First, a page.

Ford uses Microsoft cloud to seamlessly update cars

Ford Motor Co. is moving to automatically update its cars infotainment systems using Microsoft's Azure cloud service.

Ford Motor Co. is moving to automatically update its cars infotainment systems using Microsoft's Azure cloud service.

The U.S. auto maker will begin selling some cars later this year with a computer system that can be automatically updated anytime the car connects to a Wi-Fi network. The cloud-based system is expected to be available in all of Ford's cars by the end of 2016, according to Don Butler, Ford's executive director of Connected Vehicle and Services.

The system -- the Ford Service Delivery Network -- will enable car owners to more easily get new services even if their car is as much as 10 years old.

Ford is using cloud computing, data analytics and in-car software to change the consumer experience. Now a car's navigation, entertainment and communication systems will be refreshable.

Previously, Ford's infotainment system could be updated but only by bringing the vehicle into a dealership or via a USB stick.

With a cloud-based system, updates to the car's navigation system, contacts, audio system and center touch screen will be easier.

The updates should download seamlessly, without the driver being distracted -- or even aware -- of it happening.

"We couldn't do this without the cloud," Butler told Computerworld. "It's really the only way to do it. Otherwise, we'd still need people to make a physical connection either at the dealer or through a stick."

Zeus Kerravala, an analyst with ZK Research, said car owners rarely update their in-car systems when they have to drive to the dealer or get a USB stick. The cloud-based service should make it easier for systems requiring updates to work.

"I think it will be something that's expected eventually," he said. "Using the cloud is smart as it's the only scalable way to do real time, over-the-air updates."

To make this work, Ford is using a hybrid cloud system, which combines the features of a private and public cloud system.

Customer-sensitive data, such as the owner's name and address, the vehicle's mileage, its location and how well it's running, will be stored on a private, on-premise cloud network that was built by Ford's IT department.

For the public cloud, Ford is using Microsoft Azure, which the company uses for software updates.

Microsoft also is supplying the connection between Ford's private cloud and the Azure public cloud.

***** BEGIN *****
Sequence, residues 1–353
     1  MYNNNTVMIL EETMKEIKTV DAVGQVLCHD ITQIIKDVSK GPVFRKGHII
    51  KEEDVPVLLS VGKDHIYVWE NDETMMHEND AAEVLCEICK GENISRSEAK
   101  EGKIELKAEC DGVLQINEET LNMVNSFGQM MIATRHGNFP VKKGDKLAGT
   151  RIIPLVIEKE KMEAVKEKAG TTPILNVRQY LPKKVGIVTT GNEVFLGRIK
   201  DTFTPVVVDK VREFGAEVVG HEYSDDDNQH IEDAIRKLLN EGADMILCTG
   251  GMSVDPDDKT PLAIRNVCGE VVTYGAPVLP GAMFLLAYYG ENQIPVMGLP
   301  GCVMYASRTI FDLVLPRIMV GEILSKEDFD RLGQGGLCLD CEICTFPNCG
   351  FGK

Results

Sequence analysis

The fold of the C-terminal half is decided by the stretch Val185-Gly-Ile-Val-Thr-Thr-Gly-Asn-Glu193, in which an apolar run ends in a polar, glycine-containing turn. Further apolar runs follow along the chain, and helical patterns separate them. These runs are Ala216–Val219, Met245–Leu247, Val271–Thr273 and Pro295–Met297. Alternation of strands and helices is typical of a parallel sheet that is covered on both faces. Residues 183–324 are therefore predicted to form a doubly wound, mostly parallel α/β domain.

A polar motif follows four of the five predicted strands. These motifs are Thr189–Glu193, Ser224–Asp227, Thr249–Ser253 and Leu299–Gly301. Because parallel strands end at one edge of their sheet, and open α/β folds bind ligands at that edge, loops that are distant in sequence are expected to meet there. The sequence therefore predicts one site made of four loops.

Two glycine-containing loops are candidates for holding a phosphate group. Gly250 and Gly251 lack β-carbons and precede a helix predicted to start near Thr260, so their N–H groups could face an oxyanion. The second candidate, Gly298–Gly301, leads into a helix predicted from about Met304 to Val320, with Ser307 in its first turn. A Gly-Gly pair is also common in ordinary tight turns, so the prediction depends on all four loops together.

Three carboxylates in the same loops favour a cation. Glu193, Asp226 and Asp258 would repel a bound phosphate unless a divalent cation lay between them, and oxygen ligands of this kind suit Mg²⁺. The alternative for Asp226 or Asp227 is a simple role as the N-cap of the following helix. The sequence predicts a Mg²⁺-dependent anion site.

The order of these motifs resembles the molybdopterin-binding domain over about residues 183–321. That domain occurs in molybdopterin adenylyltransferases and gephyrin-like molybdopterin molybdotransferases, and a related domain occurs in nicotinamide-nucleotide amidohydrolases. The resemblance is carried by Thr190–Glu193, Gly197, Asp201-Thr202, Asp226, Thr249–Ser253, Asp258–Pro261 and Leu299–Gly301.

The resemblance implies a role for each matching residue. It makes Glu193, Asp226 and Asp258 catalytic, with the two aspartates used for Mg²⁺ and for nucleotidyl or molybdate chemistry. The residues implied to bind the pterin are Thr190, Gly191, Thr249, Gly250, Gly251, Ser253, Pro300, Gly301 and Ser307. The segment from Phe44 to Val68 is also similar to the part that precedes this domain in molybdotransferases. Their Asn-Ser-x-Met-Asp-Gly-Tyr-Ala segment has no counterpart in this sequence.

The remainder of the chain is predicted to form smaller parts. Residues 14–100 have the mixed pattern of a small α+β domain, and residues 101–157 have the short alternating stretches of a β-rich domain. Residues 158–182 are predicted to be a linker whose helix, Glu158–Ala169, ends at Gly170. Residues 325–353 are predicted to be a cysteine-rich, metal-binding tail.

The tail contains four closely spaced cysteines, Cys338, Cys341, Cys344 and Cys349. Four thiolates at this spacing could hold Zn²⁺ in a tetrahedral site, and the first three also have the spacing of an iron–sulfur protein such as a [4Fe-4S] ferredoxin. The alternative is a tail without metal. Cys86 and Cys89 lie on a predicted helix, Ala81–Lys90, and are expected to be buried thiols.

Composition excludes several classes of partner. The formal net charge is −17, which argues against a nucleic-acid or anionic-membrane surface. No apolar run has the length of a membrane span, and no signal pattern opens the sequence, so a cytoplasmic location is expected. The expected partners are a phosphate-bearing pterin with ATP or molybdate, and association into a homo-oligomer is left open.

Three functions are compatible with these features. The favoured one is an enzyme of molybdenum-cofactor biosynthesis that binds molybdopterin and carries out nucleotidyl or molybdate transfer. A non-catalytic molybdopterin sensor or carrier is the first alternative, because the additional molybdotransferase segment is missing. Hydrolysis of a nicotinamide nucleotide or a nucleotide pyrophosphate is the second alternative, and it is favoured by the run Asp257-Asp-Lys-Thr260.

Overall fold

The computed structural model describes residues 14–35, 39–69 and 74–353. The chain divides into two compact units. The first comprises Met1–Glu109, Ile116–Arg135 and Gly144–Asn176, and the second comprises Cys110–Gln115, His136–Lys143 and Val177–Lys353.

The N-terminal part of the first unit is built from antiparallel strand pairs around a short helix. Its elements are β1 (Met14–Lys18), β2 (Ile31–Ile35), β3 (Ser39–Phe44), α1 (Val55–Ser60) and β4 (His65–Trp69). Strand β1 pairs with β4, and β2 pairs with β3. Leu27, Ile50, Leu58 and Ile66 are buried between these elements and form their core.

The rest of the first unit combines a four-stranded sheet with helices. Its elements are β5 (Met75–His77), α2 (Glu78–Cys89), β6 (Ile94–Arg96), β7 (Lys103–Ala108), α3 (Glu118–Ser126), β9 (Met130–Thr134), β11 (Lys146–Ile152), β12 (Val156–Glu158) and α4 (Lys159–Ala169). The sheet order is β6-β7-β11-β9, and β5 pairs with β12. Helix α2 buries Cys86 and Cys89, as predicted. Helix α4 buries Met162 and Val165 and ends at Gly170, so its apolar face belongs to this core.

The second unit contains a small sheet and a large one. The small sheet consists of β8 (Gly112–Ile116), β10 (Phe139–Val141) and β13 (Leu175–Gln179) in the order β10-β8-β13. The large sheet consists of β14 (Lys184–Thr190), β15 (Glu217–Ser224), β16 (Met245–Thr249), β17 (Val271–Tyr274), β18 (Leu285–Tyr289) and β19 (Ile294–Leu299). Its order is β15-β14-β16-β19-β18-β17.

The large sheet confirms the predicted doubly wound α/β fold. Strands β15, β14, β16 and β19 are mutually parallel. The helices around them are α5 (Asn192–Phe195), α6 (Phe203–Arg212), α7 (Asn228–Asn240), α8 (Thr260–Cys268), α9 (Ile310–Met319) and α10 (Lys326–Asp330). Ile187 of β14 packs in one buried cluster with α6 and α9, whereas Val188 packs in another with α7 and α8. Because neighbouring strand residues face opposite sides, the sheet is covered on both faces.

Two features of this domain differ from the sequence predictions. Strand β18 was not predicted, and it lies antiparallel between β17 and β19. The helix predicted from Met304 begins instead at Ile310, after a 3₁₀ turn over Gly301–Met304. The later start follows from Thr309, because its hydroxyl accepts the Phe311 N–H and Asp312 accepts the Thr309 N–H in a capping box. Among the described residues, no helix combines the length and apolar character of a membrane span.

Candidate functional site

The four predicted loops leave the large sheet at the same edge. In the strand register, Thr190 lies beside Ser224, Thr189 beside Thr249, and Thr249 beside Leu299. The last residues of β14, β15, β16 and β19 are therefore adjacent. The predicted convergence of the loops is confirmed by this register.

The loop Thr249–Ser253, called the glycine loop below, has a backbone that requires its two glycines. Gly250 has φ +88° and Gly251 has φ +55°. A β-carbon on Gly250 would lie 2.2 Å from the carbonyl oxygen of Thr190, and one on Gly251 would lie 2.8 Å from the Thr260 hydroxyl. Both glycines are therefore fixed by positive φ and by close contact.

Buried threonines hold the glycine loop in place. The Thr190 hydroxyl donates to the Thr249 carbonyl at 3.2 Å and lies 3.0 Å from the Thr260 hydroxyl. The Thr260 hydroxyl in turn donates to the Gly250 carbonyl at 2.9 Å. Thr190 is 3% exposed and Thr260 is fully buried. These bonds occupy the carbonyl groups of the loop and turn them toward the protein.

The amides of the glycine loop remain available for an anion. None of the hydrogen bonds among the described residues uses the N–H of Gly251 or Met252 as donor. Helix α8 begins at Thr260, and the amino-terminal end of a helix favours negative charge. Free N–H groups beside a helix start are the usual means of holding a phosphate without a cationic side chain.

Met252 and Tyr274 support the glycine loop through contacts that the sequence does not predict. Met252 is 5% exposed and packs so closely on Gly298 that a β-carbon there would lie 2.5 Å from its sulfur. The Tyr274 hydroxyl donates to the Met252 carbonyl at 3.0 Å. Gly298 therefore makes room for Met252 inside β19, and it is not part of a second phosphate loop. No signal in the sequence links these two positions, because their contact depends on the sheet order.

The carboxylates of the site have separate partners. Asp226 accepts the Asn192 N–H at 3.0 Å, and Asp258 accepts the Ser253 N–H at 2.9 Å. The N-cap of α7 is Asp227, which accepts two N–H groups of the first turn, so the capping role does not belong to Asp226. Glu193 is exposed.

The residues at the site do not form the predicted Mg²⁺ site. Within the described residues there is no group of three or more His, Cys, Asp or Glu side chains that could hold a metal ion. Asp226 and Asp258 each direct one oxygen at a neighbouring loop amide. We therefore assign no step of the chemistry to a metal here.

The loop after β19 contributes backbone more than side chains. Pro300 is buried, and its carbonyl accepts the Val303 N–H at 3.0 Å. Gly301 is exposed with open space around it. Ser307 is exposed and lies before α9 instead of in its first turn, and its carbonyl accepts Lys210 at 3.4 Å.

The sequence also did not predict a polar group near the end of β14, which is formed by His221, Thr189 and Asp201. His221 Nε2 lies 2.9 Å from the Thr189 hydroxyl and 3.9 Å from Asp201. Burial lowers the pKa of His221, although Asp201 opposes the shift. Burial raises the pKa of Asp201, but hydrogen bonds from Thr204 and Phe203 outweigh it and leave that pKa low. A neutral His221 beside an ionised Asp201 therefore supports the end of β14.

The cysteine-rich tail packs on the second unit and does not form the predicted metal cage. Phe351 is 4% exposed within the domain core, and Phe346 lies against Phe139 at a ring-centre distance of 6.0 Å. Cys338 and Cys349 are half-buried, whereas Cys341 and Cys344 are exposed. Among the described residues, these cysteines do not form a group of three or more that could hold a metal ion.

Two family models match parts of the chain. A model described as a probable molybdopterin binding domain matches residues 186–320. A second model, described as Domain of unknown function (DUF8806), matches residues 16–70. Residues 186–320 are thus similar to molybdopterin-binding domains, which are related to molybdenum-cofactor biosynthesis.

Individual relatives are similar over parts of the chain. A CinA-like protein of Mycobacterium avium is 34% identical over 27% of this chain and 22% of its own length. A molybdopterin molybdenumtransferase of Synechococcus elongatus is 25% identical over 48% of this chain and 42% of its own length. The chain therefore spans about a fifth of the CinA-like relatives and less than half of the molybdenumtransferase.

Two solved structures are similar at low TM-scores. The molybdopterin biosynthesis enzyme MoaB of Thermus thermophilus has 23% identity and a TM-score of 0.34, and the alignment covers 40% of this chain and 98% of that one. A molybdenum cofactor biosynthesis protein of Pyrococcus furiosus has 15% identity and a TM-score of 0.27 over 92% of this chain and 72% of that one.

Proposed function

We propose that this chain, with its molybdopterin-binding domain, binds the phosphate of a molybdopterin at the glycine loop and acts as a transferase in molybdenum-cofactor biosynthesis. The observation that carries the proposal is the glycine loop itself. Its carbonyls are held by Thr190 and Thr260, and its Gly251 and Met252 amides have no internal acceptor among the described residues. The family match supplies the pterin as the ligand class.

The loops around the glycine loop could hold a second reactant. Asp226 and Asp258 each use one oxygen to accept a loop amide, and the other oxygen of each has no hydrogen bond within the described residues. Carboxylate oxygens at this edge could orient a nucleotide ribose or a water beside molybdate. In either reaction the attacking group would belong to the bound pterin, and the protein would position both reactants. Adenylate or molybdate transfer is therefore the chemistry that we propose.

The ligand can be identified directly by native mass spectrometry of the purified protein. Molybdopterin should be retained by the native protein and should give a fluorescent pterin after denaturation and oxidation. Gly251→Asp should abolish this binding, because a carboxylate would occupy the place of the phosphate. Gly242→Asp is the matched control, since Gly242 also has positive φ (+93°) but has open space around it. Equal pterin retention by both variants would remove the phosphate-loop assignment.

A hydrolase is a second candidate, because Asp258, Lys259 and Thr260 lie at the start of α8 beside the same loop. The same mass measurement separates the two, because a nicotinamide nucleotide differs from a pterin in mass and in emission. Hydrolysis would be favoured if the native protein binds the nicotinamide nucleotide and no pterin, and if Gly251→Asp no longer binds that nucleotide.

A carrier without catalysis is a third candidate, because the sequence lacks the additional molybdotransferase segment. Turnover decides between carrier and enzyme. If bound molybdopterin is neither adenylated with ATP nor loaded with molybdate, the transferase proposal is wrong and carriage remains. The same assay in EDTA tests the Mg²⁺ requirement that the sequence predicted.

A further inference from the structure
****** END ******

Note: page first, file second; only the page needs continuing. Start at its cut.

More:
"It's a flexible solution that lets us tailor it to our needs," Butler said. "Azure allows us the ability to flex between our own data centers and public data centers. And it's global."

That flexibility is the reason Ford's IT executives chose Azure, instead of another cloud provider, like IBM, Google or Amazon Web Services (AWS).

"We wouldn't have had that kind of flexibility with AWS or Google," Butler noted. "You use their cloud as they constructed them. With Azure, we've constructed and architected our own service delivery network, and Azure is a component of that network. It gives us the ability to have a solution that bridges their public cloud and our own private cloud. Azure is the plumbing that connects the two clouds."

Ford also had already worked with Microsoft on its in-vehicle software, so the Redmond, Wash., company came to the cloud job with an understanding of the automaker's vision and needs.

"It's important to work with a partner that understands the environment you're trying to operate in," Butler said. "Microsoft had that."

Kerravala said he's a little surprised that Ford selected Microsoft. "I think Azure versus AWS versus Google is really in the preference of the customer," he added. "I think most people think of Amazon as being the de facto standard of the cloud, but Azure is a solid choice, too. Azure has Microsoft support behind it and may prove to be easier to grow long term because of that."

Ezra Gottheil, an analyst with Technology Business Research, said it makes sense for Ford to stick with Microsoft since they have a history of working together.

"As far as picking Microsoft, Ford and Microsoft have been collaborating for a long time," he noted. "And Azure is a good platform for managing digital assets on a network. Here, it's really two things -- the Azure fabric, which is a software services platform, and the Azure service, which is Microsoft's hosted version of the platform. Both make sense here."

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Sharon Gaudin

Computerworld (US)
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